Contents

# Contents

## Idea

Löb’s theorem in its original form is a generalization of the Gödel incompleteness theorem whose formulation lends itself to the tools of type theory and modal logic.

Löb’s theorem states that to prove that a proposition is provable, it is sufficient to prove the proposition under the assumption that it is provable. Since the Curry-Howard isomorphism identifies formal proofs with abstract syntax trees of programs; Löb’s theorem implies, for total languages which validate it, that self-interpreters are impossible. (Gross-Gallagher-Fallenstein 16)

In provability logic the abstract statement is considered in itself as an axiom on a modal operator $\Box$ interpreted as the modality “is provable”. In this form the statement reads formally:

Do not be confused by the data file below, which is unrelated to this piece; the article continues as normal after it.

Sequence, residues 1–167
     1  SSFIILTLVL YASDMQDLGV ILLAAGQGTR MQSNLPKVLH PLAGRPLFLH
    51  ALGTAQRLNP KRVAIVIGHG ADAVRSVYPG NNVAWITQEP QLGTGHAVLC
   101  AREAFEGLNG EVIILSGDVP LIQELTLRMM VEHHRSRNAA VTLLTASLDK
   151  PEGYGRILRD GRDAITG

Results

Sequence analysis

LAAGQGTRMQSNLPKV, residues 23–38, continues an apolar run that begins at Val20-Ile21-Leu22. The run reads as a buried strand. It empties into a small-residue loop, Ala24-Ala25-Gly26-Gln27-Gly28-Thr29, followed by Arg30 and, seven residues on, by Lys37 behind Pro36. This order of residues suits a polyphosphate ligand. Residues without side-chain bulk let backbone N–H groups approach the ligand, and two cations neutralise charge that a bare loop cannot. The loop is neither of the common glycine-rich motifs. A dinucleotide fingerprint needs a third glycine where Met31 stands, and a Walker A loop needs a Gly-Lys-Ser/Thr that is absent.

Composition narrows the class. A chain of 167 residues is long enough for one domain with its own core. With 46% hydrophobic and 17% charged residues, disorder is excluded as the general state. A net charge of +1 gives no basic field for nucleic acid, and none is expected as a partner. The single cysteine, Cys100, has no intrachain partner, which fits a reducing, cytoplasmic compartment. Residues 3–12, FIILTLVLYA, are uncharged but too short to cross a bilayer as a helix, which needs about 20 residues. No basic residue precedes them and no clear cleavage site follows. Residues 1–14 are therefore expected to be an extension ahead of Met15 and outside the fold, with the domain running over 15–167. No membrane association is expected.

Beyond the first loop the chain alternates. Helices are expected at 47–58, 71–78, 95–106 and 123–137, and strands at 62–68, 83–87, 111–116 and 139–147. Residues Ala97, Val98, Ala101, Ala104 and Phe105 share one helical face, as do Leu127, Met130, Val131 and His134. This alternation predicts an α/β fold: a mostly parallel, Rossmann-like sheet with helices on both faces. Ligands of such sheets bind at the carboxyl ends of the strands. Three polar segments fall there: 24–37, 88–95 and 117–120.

$\Box(\Box P \to P) \to \Box P$

for any proposition $P$ (“Löb’s axiom”).

This reduces to an incompleteness theorem when taking $P =$ false and using that

1. negation is $\not P = (P \to false)$;

2. consistency means that $\Box P \to \not \Box \not P$

\begin{aligned} & \Box (\Box false \to false) \to \Box false \\ \Rightarrow \;\; & \Box ( \not \Box false ) \to \Box false \\ \Rightarrow \;\; & \Box ( \not \Box false ) \to \not \Box \not false \\ \Rightarrow \;\; & \Box ( \not \Box false ) \to false \\ \Rightarrow \;\; & \not \Box \not \Box false \end{aligned}

Where the last line reads in words “It is not provable that false is not provable.”

• Jason Gross, Jack Gallagher, Benya Fallenstein, Löb’s theorem – A functional pearl of dependently typed quining, 2016 (pdf)

• Jason Gross, MO comment on incompletenss theorems in type theory, 2017